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Re: Microraptor was a competent glider (but nothing to write home about)
On Thu, Sep 19, 2013 at 05:41:25AM -0700, Jura wrote:
> New article in Nature Communications regarding Microraptor's aerial abilities.
> Aerodynamic performance of the feathered dinosaur Microraptor and the
> of feathered flight
> Dyke, G., de Kat, R., Palmer, C., Van der Kindere, J., Naish, D.,
> Ganapathisubramani, B.
> Understanding the aerodynamic performance of feathered, non-avialan
> dinosaurs is critical to reconstructing the evolution of bird flight.
> Here we show that the Early Cretaceous five-winged paravian Microraptor is
> stable when gliding at high-lift coefficients (low lift/drag
> ratios). Wind tunnel experiments and flight simulations show that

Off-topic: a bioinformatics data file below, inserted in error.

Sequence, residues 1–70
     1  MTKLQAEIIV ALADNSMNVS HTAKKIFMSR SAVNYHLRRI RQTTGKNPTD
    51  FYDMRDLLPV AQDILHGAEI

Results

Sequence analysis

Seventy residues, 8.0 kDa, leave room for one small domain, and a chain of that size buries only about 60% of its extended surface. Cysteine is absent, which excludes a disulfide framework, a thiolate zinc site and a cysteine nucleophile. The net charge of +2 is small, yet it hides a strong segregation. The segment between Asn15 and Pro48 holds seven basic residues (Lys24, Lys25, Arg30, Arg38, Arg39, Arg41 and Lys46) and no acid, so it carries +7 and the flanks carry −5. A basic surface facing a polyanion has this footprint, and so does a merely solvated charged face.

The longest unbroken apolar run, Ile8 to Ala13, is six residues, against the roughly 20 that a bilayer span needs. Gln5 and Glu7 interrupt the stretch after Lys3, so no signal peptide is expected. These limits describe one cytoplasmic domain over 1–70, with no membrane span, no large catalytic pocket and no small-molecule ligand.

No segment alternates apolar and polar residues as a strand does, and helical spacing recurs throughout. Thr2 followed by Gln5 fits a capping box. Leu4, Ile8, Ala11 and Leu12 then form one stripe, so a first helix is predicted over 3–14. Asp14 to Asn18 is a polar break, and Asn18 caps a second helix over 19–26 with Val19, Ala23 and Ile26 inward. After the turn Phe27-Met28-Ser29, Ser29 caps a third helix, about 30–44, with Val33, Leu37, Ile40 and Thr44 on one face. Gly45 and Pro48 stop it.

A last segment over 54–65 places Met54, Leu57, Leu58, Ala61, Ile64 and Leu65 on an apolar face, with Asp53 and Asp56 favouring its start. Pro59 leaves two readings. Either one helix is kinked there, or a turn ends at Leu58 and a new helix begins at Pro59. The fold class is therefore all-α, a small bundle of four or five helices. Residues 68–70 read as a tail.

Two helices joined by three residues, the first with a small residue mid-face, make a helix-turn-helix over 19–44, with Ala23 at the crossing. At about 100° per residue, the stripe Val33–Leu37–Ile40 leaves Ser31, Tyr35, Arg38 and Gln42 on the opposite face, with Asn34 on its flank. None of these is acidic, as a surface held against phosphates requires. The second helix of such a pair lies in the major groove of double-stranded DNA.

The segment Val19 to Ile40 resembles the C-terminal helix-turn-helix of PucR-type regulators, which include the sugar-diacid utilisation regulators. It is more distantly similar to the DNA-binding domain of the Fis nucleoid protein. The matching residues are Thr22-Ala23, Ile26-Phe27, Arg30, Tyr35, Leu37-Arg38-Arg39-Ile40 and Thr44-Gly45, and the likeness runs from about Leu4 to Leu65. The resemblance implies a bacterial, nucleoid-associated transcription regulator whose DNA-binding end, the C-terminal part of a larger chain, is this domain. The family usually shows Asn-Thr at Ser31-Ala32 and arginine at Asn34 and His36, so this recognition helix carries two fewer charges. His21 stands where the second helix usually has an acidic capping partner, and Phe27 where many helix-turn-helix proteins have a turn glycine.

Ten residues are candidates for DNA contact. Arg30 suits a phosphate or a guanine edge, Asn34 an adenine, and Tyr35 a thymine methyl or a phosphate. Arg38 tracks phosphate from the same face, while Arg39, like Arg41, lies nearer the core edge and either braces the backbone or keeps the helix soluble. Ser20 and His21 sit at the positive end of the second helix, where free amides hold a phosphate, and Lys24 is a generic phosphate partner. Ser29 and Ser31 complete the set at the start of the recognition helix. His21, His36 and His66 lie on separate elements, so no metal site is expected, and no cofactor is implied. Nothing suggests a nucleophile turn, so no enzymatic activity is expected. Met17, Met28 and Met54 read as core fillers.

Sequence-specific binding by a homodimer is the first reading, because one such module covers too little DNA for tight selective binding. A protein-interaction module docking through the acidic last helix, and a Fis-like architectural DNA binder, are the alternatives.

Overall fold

> sustaining a high-lift coefficient at the expense of high drag would
> have been the most efficient strategy for Microraptor when
> gliding from, and between, low elevations. Analyses also demonstrate
> that anatomically plausible changes in wing configuration and leg
> position would have made little difference to aerodynamic performance.
> Significant to the evolution of flight, we show that Microraptor did not
> a sophisticated, ‘modern’ wing morphology to undertake
> effective glides. This is congruent with the fossil record and also with the
> hypothesis that symmetric ‘flight’ feathers first evolved in
If I understood the article correctly, they said that feathers would not
even be needed for the gliding ability of this dinosaur.
I have my doubts. What would be the supporting hypothesis that
assymetric flight feathers have an origin other than for flight?